I think everyone will agree that there are too many ads on the Internet. And since most people ignore ads, online advertising tactics have become increasingly aggressive. They flash, they blink, they auto-play, they pop up, and sometimes ads will block web pages until you dismiss them.
This is, of course, a reaction to the original sin of the Internet: a misguided belief that information wants to be free, and that people wouldn’t pay for online services. Back in the early days, the Internet was new, so free was a way to entice people to use these services. But things are different now, and we’re bombarded with ads.
Like many people, I use ad blockers to ensure that I can surf the web without being overwhelmed. In this article, I’m going to explain how ad blockers work, why you might want to use them — for more than just making it easier to read web pages — how to install them, and I’ll discuss the ethics of using ad blockers.
An ad blocker is a simple tool. It generally integrates with your web browser and uses a set of filters to block specific content. As you can see below, in a screenshot from 1Blocker, each filter is just a text string; for example, to block an entire website, the string looks like this:
^https?://+([^:/]+\.)?domain\.com. (This probably doesn’t look simple if you’re not familiar with this way of creating search strings…)
These filters examine the elements of websites, according to their addresses (URLs), and tell the browser to not load the ones that match their filters. Setting these up manually would be complex for most users, so ad blockers include tens of thousands of such rules and maintain them up-to-date as new ad techniques appear.
Most ad blockers offer a number of categories that you can activate or deactivate, so the extent of your blocking is up to you.
A related element used on websites is trackers, and many ad blockers also protect you from them. Trackers send information about you to companies — website publishers, analytics or advertising companies, among others — regarding your behavior, the type of computer or mobile device you’re using, and more, to personalize what you see on websites. This may affect the way a website is laid out, but can also be used to send ads to you because of, for example, the previous website you visited. They slow down your web browsing, and invade your privacy.
Apple’s Safari web browser now includes built-in tracker blocking, a feature the company calls Intelligent Tracking Prevention. You can view a privacy report in Safari, showing how many trackers were blocked, and which websites had the most trackers.
Ad blockers are all-or-nothing apps. Those filter rules are draconian; they either block or allow. However, most ad blockers allow you to whitelist websites; those sites you want to support or that have less obtrusive advertising.
In some cases, ad blockers will break legitimate websites. So you may need to whitelist them to be able to access them. My bank’s website won’t load correctly if I have my ad blocker on, so I’ve whitelisted it. I’ve also found that Google Drive and Google Docs won’t load if my ad blocker is active, so I’ve whitelisted them too.
Ad blockers are helpful for a number of reasons. They:
Perhaps the last point in the bullet list above may surprise you. How can ads be malware? There is a long history of ad networks compromised by malware. In 2016, a number of major websites, including NYTimes.com, NFL.com and TheHill.com, were hit by ransomware malvertising. And more recently, YouTube ads were used to hijack viewers’ CPUs to perform Bitcoin mining.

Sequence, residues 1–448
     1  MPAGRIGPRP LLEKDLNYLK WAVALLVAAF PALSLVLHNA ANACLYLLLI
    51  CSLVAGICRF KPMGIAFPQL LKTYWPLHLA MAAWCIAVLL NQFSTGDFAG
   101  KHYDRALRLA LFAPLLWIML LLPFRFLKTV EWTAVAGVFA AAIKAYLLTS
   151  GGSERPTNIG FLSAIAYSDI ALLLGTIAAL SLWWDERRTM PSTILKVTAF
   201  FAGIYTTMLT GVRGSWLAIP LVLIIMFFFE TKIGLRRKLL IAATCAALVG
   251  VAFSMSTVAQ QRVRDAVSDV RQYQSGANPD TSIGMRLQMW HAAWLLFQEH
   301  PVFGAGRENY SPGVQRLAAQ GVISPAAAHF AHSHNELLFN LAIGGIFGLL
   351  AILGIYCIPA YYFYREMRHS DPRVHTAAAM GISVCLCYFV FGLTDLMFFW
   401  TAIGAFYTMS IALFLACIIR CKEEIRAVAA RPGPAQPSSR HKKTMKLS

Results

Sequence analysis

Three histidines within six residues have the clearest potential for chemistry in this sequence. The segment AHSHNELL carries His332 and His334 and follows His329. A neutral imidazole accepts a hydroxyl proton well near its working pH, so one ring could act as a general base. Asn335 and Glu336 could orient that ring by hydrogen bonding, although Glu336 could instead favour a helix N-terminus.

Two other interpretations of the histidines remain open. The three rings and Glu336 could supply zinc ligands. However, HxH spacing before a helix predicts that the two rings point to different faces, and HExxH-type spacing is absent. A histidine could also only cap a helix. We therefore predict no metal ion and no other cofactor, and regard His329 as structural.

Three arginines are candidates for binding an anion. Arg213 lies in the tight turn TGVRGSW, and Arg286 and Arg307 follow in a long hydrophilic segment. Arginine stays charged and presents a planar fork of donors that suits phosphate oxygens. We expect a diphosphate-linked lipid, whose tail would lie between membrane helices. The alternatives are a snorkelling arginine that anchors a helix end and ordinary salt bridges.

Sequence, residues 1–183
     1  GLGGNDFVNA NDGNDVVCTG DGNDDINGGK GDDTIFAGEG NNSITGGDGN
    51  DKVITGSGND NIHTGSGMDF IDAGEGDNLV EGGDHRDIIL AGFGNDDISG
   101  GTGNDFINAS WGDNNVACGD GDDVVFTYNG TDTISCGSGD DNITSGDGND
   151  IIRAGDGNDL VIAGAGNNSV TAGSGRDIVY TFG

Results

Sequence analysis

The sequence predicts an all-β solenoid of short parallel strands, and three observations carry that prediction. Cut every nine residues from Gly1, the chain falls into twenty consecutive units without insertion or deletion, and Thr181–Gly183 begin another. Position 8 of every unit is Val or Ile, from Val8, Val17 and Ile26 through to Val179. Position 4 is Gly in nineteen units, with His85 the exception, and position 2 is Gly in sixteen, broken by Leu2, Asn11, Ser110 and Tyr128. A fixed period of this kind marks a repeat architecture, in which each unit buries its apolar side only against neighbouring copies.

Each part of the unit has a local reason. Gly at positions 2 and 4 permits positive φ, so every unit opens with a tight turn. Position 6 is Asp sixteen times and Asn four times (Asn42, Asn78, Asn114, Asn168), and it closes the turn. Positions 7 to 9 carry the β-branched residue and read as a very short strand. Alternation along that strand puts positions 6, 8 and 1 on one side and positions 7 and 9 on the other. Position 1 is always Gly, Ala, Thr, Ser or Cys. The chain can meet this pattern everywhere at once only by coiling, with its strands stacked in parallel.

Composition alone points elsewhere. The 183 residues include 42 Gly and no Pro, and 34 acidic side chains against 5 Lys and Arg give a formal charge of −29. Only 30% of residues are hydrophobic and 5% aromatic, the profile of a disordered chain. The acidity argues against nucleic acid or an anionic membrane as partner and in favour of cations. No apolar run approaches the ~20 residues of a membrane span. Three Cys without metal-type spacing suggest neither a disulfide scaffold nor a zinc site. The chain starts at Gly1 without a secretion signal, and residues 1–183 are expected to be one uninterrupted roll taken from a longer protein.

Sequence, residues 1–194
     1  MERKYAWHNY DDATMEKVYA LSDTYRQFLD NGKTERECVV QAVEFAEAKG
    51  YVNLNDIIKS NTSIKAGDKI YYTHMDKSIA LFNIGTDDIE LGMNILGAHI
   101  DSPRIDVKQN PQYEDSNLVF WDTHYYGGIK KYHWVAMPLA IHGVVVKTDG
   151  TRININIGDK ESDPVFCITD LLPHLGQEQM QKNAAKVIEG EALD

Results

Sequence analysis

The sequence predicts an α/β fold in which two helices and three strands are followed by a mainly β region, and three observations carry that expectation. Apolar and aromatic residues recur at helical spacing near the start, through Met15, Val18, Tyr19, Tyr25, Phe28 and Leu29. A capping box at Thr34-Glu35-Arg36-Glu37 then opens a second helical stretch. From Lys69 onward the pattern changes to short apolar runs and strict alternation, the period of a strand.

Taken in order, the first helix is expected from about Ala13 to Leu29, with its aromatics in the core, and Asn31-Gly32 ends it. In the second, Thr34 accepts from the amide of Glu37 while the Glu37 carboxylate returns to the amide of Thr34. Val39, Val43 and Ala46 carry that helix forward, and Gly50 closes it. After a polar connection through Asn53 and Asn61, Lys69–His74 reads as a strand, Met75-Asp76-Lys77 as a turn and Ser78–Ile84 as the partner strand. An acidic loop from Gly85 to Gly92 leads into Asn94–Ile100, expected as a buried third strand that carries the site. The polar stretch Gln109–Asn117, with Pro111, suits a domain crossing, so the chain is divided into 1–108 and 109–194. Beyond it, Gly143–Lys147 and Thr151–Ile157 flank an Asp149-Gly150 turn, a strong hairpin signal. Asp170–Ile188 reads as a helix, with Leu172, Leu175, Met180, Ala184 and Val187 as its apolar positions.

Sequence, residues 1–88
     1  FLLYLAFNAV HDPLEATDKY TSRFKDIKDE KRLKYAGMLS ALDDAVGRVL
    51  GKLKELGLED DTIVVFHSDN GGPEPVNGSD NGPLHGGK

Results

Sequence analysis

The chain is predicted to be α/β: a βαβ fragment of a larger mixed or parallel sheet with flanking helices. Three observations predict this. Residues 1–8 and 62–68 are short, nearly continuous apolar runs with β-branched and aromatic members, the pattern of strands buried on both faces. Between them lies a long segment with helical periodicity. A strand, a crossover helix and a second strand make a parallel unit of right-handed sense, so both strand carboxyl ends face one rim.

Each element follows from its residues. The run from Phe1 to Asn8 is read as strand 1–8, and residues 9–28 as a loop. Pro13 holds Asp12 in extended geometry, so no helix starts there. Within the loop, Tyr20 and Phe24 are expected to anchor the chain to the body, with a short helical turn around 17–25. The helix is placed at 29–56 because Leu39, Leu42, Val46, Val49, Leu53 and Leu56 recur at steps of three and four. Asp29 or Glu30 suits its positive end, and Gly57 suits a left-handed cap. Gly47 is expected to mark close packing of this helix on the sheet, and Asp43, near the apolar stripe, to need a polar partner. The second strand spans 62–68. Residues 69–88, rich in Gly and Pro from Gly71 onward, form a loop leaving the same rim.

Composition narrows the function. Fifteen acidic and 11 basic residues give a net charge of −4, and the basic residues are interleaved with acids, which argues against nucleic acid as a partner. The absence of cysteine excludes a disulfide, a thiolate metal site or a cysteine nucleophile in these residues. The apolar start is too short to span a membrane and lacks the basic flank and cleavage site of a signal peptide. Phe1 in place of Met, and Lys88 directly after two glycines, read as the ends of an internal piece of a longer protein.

While this type of malicious ad is rare, it’s not uncommon. Every now and then, I turn off my ad blocker and visit some websites, and often see ads that are at least scams, and could be even more malicious.
On the Mac, it’s relatively simple to install an ad blocker or tracker blocker. Content blockers are available for all the major browsers: just download a browser extension, and then install it in your browser. For Safari, you can download content blockers from the Mac App Store, then go to Safari > Preferences > Extensions to configure them.
On iOS, you can download and install an ad blocker — you’ll find plenty on the App Store — and, when you have done so, go to Settings > Safari > Content Blockers and toggle one the one(s) you want to use.
Another way to make reading easier, without installing an ad blocker, is to use Safari’s Reader mode, which can strip most of the distracting content on web pages. I discuss that in this article about customizing Safari. Note that this doesn’t work with all web pages.
In September, 2015, developer Marco Arment released Peace, an ad blocker for iOS. It was one of the first such apps, and it soared to the top of the charts very quickly. Yet Arment decided to withdraw the app from sale and refund users. He said, "Peace required that all ads be treated the same — all-or-nothing enforcement for decisions that aren’t black and white. This approach is too blunt…"
It’s a tough call; you want your favorite websites to survive, yet they hit you with an advertising sledgehammer. As someone who earns a living from writing content for publications, it hurts me to use an ad blocker, but it’s necessary. What really irks me is that websites I subscribe to — newspapers and magazines — often still show me ads. When websites decide to tone down the ads, I’ll whitelist them; but, they should be rewarding me for paying for their content.
Overall, ads are often too intrusive, and sometimes simply dangerous. The more people use ad blockers, the more publishers and advertisers will work to find a better way.
Do you use an ad-blocker on your Mac or iOS device? Which ad-blocker is your favorite? Have something to say about this story? Share your comments below!